Christian Kurz in the News: Anonymous social networks could be a window to what’s running riot in consumers’ heads

Christian Kurz, VP – research, insight & reporting at Viacom International Media Networks, shares Chakrabarty’s view. The company conducted a study ‘Comedy Across Borders’ that explored the impact of humour across 13-34 year olds. One of its results proved that the meme you post on Facebook makes you who you are.

Economic Times:

“Itake pictures of men I find attractive out in public.” “Sometimes I fake drunk text, just so I can get my point across.” “Really struggling with envy of my friends who have never had to work for anything and got everything they’ve ever wanted out of life because it’s been given to them.

I hate that I’m so jealous.” “I feel like it builds character when I make it through a work day hung over as shit :-P” “One of my coworkers is bitching about another coworker unfriending the both of us on Facebook. I told her to get over it.”

These lines are not a collection of Facebook status updates. They are, however, from a social network called Whisper, and were carefully picked from content ranging from Tweet size, heartbreaking confessions to outrageous claims and X-rated posts. Whisper is one of a new generation of anonymous social networks and messaging tools which allow users to share their musings with nameless masses in real time.

It’s a lot like Twitter and Facebook, yes. However, when thoughts and feelings are too personal or scandalous or embarrassing or simply not suitable to share on your Facebook page that’s frequented by a 1000 close friends, co-workers, distant cousins, nosy aunts, mom, dad and the neighbour’s dog, then an anonymous social-network is where one must go.

The need for selective sharing would also explain the popularity of messaging app SnapChat which allows users to send self-destructing texts, photos and video clips.

In an age when our digital lives have turned us in to fulltime managers of our personal highlight reel, mature and new users are feeling the need to express themselves in a more truthful fashion. A recent study by MTV found 80% of the individuals interviewed, all between 13 – 25 years, think that people’s social pages are too happy or too fake.

It’s no wonder then that apps like Whisper and Silicon Valley’s favourite source of saucy tales Secret, among other similar offerings, are getting attention from users and investors. And yes, in spite of a real threat of these platforms becoming a tool for bullies and people who wish to spread dangerous gossip, rumour and defamatory content.

(Whisper got flak for a gossip post about actor Gwyneth Paltrow cheating on her husband, Coldplay’s lead singer Chris Martin. This was right before the celebrity couple’s “conscious uncoupling”.) In fact, Whisper and Sequoia Capital closed a $30 million Series C round and some of Secret’s investors include Google Ventures and actor Ashton Kutcher’s venture capital fund A-Grade.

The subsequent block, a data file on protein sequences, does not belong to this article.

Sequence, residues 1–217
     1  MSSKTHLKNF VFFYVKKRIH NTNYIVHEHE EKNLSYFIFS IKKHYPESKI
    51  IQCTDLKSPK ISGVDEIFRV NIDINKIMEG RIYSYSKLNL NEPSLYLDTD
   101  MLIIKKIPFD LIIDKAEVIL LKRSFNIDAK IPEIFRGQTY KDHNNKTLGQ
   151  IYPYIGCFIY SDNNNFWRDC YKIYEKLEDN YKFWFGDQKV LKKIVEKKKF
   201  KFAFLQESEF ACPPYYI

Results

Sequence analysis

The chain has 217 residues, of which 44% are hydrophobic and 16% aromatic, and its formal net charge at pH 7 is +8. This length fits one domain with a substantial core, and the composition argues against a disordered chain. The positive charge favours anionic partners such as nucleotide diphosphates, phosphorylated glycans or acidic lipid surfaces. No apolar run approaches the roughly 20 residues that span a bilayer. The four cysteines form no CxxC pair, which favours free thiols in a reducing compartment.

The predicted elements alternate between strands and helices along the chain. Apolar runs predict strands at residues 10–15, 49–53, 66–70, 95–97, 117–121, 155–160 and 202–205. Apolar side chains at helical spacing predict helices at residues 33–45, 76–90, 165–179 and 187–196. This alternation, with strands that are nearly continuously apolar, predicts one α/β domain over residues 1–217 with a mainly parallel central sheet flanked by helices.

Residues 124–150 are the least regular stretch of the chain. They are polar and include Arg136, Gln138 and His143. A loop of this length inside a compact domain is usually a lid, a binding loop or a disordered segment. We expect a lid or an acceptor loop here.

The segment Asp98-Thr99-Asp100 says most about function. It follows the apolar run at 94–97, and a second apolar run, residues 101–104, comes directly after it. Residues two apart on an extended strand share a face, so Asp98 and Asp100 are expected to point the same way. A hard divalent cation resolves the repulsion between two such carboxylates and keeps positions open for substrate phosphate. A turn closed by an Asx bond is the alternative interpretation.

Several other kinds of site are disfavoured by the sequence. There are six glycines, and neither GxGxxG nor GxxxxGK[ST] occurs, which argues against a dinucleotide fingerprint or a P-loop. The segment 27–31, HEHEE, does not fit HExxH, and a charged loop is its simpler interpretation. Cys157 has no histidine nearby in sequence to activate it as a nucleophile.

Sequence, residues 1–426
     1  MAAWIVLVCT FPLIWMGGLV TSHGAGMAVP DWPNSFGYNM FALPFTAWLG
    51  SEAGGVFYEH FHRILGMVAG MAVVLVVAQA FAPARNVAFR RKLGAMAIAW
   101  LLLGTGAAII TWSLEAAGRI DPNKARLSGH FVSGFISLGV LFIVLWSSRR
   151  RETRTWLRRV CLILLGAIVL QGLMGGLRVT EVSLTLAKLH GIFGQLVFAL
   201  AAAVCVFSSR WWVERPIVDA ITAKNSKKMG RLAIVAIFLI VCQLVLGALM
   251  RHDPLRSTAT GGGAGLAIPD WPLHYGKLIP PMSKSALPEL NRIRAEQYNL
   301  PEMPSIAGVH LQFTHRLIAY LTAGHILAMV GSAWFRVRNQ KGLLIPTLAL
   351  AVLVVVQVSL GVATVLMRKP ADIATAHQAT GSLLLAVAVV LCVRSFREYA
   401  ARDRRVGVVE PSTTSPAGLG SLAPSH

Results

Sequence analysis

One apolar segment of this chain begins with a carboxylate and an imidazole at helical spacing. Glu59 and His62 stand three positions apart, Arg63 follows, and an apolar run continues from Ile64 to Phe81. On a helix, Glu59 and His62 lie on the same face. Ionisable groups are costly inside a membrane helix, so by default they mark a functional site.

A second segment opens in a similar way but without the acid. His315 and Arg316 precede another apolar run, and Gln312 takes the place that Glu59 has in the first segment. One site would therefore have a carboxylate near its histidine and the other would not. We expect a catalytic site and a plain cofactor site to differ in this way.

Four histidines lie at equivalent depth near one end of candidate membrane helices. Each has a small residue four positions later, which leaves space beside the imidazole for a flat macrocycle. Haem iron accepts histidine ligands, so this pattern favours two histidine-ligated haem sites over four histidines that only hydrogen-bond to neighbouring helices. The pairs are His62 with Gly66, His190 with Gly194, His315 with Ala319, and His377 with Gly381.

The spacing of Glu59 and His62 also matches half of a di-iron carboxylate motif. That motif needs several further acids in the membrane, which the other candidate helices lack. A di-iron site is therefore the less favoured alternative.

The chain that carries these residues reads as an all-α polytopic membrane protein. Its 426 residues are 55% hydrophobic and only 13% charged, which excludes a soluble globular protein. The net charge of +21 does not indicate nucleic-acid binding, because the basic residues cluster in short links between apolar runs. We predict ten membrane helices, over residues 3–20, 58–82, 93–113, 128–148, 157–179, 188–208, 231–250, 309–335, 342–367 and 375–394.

Just how long will these networks manage to keep a fickle audience’s attention once the novelty wears off ? Well, our guess is as good as yours. For now though, more and more users are yearning for a modicum of honesty in an ocean of carefully cultivated online profiles and identities.

For them, the anonymous social network is the go-to vent station and/or confession box.

DDB Mudra Group, “Anonymity is slowly becoming the preferred identity online. Hence the success of features like College Confessions on Facebook. Although anonymous networks will not become a mass phenomenon, they will cut into the time spent on Facebook.”

Besides, he believes, apps like Whisper allow free expression to groups of people, such as the LGBT community online, who would otherwise refrain from sharing certain messages on legacy social networks.

Christian Kurz, VP – research, insight & reporting at Viacom International Media Networks, shares Chakrabarty’s view. The company conducted a study ‘Comedy Across Borders’ that explored the impact of humour across 13-34 year olds. One of its results proved that the meme you post on Facebook makes you who you are.

“Users have multiple personalities so they may not want all of it to reveal, and hence the need for some amount of anonymity. But Twitter and Facebook allows them to have a persona and they seem to love it. I don’t therefore think that anonymous portals will have a huge significance in the time to come. But they’ll remain in the ecosystem.”

So where does that leave the advertiser in this web of tweets, posts, secrets and whispers? As people spread their waking hours between the real, virtual and virtually anonymous lives they lead, no doubt marketers will be left with more sleepless nights. And just when they’ve almost, kind of, figured out what to do with Facebook and its real-time cousin Twitter.

Naturally, Whisper’s +10,00,000 global downloads and Secret’s limited geographic spread (the company recently announced its global expansion plans), are not enough to get agencies and marketers excited or even bothered just yet. The numbers, after all, aren’t impressive.

However, says Chakrabarty, “it would make sense to understand the medium now, while marketers can explore and experiment freely on it.” These sites could become a testing ground for more elaborate marketing campaigns on developed social media platforms. And a rather cheap one at that.

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